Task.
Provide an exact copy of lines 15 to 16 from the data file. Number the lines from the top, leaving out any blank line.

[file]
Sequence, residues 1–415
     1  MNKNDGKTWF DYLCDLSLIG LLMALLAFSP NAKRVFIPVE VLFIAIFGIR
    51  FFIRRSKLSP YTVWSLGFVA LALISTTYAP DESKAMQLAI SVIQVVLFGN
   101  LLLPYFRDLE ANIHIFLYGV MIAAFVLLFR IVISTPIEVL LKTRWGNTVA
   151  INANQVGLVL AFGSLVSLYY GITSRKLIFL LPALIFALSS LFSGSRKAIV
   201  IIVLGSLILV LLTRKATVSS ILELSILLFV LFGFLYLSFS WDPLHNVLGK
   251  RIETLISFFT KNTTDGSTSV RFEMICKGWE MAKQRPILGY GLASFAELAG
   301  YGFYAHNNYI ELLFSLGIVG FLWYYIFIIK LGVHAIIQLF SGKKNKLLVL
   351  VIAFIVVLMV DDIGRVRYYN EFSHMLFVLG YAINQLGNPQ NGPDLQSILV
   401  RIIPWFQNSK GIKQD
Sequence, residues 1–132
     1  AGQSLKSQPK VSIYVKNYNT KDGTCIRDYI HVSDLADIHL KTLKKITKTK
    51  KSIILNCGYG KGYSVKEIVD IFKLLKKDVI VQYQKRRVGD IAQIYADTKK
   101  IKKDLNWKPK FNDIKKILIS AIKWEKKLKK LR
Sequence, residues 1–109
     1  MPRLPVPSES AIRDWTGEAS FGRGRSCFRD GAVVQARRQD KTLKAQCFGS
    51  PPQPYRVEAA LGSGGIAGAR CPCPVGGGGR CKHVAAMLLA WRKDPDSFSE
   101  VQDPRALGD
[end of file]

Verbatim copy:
Sequence, residues 1–109
     1  MPRLPVPSES AIRDWTGEAS FGRGRSCFRD GAVVQARRQD KTLKAQCFGS